Pant:The ReDOS study gave data on the way that a lot of physicians in the community were dosing regorafenib for these patients for some time now. ReDOS started regorafenib at a lower dose of 80 mg, and then the next week it was 120 mg, and then the following week was 160 mg. It showed improvement in quality of life and OS. You have to take that with a grain of salt, because it is a small study. It is very interesting. This is a smaller study, but it was instrumental.
TAGRTED ONCOLOGY:Atezolizumab and cobimetinib also look promising in mCRC. Can you speak to that as well?
Pant:It is a pathway thing. Atezolizumab is a PD-L1 inhibitor, and cobimetinib is a MEK inhibitor. There is another MEK inhibitor out there called trametinib (Mekinist), which is also used in patients with melanoma. The interesting thing is that when you use a MEK inhibitor like cobimetinib, it actually aids in the immune infiltration of the tumor by increasing the lymphocytes. Then, you give the PD-1 agent and it causes response. We saw responses in a smaller study presented a couple of years back. We are now waiting for the bigger study to give us some data.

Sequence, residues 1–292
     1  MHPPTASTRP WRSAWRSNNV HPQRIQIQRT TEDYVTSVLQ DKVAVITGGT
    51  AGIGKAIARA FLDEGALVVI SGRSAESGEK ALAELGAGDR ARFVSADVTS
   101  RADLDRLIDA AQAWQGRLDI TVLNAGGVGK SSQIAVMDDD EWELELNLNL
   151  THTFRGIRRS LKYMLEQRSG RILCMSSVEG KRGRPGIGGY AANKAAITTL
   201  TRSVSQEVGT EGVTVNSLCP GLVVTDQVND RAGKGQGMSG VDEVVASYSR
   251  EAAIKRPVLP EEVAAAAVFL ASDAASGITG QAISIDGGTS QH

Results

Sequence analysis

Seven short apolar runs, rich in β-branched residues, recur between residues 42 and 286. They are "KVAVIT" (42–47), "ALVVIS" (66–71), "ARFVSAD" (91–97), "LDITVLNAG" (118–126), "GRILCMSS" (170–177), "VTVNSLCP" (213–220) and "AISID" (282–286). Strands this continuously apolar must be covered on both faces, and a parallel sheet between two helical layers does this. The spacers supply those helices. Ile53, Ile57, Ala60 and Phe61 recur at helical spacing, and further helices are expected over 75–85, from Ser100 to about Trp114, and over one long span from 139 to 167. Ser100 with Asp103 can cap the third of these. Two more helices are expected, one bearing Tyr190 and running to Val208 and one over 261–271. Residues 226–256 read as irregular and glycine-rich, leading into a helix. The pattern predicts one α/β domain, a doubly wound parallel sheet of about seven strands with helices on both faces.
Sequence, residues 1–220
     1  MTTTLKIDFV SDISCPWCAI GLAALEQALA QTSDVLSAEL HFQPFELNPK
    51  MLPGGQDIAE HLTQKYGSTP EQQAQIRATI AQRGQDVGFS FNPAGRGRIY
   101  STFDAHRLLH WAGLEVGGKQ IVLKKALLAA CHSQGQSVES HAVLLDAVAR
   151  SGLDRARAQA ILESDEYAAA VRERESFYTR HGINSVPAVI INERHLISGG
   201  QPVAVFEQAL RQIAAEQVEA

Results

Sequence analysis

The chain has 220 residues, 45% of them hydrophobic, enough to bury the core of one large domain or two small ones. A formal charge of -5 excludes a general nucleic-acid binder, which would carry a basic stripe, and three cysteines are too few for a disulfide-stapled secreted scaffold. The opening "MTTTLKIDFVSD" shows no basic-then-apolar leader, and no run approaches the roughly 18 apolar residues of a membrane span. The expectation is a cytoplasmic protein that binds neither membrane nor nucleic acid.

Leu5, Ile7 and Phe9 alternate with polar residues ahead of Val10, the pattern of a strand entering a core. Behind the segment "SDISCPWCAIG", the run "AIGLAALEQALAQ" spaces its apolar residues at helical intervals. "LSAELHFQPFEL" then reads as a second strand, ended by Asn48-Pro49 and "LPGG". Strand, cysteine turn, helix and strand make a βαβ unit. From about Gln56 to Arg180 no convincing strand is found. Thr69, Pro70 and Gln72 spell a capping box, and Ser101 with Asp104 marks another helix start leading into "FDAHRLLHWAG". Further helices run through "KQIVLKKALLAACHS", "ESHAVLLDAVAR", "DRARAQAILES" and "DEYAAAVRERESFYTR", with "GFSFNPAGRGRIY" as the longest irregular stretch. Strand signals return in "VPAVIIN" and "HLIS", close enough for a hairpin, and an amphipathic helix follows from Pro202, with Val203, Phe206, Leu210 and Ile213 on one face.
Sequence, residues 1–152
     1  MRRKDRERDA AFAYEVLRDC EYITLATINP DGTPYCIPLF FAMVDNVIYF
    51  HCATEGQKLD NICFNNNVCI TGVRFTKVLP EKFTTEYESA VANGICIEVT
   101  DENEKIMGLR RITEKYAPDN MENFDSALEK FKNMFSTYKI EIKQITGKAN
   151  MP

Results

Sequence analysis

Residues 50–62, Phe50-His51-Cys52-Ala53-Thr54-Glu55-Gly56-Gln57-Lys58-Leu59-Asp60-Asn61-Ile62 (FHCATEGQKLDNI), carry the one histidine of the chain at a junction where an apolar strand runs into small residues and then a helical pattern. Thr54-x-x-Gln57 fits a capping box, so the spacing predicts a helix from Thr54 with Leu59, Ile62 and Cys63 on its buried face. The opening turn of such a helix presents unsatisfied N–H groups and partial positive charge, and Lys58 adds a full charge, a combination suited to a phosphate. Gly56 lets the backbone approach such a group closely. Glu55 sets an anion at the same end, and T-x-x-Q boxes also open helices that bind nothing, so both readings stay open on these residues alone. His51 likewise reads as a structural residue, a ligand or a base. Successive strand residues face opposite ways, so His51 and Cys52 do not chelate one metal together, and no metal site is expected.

TAGRTED ONCOLOGY:Is there anything upcoming that you are particularly excited for in this landscape?
Pant:One of the interesting trials is the SWOG S1613 (NCT03365882) trial of trastuzumab (Herceptin) and pertuzumab (Perjeta) in HER2/neu-positive patients. That will be very interesting to see in our patient groups. [I’m also looking forward to] longer-term data on immunotherapy for CRC. Toxicity and survivor data are all maturing, and we would love to see more data come out.
TAGRTED ONCOLOGY:Looking ahead, what does the future of this landscape look like to you?
Pant:The future looks very promising. If I looked at any nonsmall cell lung cancer slides from back when I started my fellowship, the specific translocations were not indicated. Now they are. I hope to have that for CRC, where we can take the “big pie” and break it up into MSI-H, BRAF mutations, etc.
We also must find new therapies for patients withKRAS-mutant CRC, and that is challenging. There are new KRAS inhibitors that are being developed. Downstream of KRAS is RAS, RAF, and MEK. Combinations may be something in the future; it’s a brave new world out there.